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Voters forgive despite sex scandals
May 30th, 2013
04:26 PM ET

Voters forgive despite sex scandals

By Steve Kastenbaum, CNN

Editor's Note: Listen to the full story in our player above, and join the conversation in our comments section below.

(CNN) – Two years ago, then Democratic Representative Anthony Weiner walked into a hotel ballroom in New York packed with reporters and admitted that he sent lewd photos to women he met online.

Now, he’s asking for a second chance as he runs for mayor of New York City. Every day on the campaign trail he finds himself apologizing, like he did at a recent mayoral candidate forum in the Bronx:

[4:55] “I’m sorry. You put a great deal of hope and confidence in me and I did some very embarrassing things and I regret them.”

A few weeks ago, former South Carolina Governor Mark Sanford won redemption in a special congressional election despite having run off with his Argentinian mistress for a week.

Kay Hymowitz is with the Manhattan Institute, a public policy think tank in New York and has written about these issues:

[2:53] “I think people are willing to forgive if they feel there’s been a real change and if they don’t have other choices that they’re not happy with and that seems the be the case here,” said Hymowitz.

But being given a second chance and actually getting people to vote for you are two different things.

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Filed under: Behavior • Culture • Politics • Soundwaves • Stories
Terrorism or criminal act?
Notes and shirts sit outside Woolwich Barracks on May 23 – after a Muslim extremist killed an off-duty soldier who was wearing a "Help for Heroes" shirt when he was killed.
May 30th, 2013
09:03 AM ET

Terrorism or criminal act?

By Libby Lewis, CNN

Editor's Note: Listen to the full story in our player above, and join the conversation in our comments section below.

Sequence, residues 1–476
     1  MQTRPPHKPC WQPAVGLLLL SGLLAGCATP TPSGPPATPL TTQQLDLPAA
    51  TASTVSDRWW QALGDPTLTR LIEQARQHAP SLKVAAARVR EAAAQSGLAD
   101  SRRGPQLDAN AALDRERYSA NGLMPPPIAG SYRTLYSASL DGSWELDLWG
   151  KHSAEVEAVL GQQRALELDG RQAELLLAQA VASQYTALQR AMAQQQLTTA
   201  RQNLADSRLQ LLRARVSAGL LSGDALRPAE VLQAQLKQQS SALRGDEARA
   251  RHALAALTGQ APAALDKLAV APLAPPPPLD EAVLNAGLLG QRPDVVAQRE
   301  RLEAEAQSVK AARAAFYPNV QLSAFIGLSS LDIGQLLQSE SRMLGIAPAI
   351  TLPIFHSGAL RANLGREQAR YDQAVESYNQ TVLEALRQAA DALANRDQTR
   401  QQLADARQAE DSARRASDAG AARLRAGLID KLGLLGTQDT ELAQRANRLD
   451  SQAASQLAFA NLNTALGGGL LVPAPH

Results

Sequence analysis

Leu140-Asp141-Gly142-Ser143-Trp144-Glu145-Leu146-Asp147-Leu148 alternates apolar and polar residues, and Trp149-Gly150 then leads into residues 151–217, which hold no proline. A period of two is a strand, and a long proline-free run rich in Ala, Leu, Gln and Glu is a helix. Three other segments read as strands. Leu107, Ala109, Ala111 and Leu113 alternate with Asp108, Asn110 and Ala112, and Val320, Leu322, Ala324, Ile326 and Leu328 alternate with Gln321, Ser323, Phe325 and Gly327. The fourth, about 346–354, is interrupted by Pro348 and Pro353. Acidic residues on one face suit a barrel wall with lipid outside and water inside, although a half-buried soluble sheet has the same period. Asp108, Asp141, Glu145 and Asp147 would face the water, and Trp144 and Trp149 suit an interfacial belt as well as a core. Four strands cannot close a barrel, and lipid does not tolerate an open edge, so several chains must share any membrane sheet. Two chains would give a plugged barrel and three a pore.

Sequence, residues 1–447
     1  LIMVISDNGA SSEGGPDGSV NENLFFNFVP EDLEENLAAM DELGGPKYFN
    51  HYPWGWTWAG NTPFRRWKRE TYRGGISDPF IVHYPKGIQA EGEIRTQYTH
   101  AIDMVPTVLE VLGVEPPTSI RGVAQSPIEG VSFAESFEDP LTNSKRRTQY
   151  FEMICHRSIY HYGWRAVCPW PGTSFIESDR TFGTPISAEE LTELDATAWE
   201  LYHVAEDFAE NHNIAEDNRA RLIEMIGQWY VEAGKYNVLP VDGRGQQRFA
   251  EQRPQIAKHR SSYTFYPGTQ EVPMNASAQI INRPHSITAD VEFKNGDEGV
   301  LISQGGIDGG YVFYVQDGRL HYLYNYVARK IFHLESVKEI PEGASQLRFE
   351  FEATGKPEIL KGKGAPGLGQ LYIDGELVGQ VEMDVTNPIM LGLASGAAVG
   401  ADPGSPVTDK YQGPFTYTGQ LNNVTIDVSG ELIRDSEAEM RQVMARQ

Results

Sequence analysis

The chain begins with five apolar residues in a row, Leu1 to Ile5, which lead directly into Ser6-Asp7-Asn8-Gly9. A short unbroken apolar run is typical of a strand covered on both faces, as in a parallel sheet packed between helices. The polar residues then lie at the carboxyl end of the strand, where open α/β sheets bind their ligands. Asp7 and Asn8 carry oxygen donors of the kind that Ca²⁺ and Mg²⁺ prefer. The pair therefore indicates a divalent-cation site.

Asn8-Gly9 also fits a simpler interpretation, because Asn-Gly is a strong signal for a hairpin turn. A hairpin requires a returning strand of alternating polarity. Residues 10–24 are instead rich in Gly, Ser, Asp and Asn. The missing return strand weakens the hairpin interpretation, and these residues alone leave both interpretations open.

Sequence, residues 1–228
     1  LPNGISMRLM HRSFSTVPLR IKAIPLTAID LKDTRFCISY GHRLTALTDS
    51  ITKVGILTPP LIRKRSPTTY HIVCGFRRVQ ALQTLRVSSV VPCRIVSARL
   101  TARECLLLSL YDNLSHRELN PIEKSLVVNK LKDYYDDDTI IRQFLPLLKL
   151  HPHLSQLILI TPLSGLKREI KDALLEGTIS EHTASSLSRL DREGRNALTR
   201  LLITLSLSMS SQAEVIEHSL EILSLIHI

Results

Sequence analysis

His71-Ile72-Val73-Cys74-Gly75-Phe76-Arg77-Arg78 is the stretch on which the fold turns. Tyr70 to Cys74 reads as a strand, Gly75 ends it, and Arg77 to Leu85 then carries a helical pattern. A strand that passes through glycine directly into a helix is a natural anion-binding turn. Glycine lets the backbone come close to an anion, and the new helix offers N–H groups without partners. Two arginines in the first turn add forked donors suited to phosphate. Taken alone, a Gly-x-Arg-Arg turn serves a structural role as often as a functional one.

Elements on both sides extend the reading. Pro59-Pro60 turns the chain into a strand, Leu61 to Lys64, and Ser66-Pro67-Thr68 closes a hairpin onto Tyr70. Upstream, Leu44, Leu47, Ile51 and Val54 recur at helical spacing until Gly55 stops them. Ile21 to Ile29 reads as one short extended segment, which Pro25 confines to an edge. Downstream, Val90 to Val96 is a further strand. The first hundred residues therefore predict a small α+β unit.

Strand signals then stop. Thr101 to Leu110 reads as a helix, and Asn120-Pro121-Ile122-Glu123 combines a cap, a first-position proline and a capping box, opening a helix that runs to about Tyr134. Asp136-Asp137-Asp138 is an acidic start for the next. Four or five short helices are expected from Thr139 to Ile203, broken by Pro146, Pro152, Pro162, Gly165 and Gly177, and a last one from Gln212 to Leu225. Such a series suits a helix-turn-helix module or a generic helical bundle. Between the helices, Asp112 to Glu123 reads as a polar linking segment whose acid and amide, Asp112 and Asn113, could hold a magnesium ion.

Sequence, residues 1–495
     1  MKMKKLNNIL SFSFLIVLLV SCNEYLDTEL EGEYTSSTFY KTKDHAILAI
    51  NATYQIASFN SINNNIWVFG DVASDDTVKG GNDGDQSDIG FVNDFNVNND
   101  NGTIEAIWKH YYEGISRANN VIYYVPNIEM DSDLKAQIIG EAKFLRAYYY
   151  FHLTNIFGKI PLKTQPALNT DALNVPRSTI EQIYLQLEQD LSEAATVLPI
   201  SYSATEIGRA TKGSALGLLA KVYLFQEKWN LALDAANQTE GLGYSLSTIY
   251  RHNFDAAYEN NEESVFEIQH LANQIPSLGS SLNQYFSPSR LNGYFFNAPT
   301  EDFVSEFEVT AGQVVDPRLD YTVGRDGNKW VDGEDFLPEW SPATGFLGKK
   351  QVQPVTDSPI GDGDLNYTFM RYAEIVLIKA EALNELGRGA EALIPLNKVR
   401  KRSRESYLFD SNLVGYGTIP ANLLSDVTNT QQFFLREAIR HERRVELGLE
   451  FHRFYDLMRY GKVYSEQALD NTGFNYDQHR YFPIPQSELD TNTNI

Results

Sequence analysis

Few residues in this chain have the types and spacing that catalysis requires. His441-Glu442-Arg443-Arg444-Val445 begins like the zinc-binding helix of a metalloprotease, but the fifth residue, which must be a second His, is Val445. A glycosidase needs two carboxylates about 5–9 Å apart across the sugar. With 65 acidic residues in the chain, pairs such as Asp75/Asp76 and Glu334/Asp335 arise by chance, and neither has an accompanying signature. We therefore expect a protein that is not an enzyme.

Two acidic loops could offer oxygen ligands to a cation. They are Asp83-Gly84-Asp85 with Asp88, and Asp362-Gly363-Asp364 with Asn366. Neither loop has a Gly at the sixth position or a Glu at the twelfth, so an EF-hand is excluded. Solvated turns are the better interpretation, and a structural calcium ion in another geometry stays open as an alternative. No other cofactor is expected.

(CNN) - Remi Brulin loves tracking the way America thinks about and talks about terrorism. He’s been doing it for years. He’s a visiting scholar at NYU’s Journalism Institute.

[1:47] Most people sort of agree on what terrorism should be. There’s violence of course, or the threat of violence. There’s the political aspect of it – and then there’s the issue of the target. Most people would agree the targets have to be civilians or non-combatants. There is a sort of agreement – until you start applying it to particular cases.

Then, Brulin says, all bets are off.

One reason is, no one can quite agree on a definition. A corollary of that is: it’s hard to keep politics out of it.

Bruce Hoffman, a terrorism expert who’s director of Georgetown University’s Center for Security Studies, remembers following the media coverage when Chechen terrorists laid siege to a school in Russia in 2004.

[3:34] All of the newspapers went out of their way to avoid using the word ‘terrorists’ and to call them fighters, militants, separatists. And I thought to myself, Gosh, if a bunch of armed people taking over a school with children – forcing children and their parents and their relatives and their teachers to live in horrible conditions for days on end, threatening them with death – I mean, if that’s not terrorism, what is? And yet, almost no newspaper of record or major media would call them terrorists.

That’s because the Chechens were fighting Russia – and at the time, Russia was no friend of the U.S.

Now, Hoffman says, terrorism has become a subjective term. He thinks there’s almost a fear of using the word and triggering a reaction – that’s a legacy of the 9-11 terrorist attacks.

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Filed under: Crime • International • Justice • Politics • Soundwaves • Stories
A cook’s Guantanamo nightmare
Ahmed Errachidi, nicknamed 'The General,' was falsely detained at Guantanamo for more than five years.
May 9th, 2013
09:53 AM ET

A cook’s Guantanamo nightmare

By Jim Roope, CNN

Follow on Twitter: @jimroopeCNN

Editor's Note: Listen to the full story in our player above, and join the conversation in our comments section below.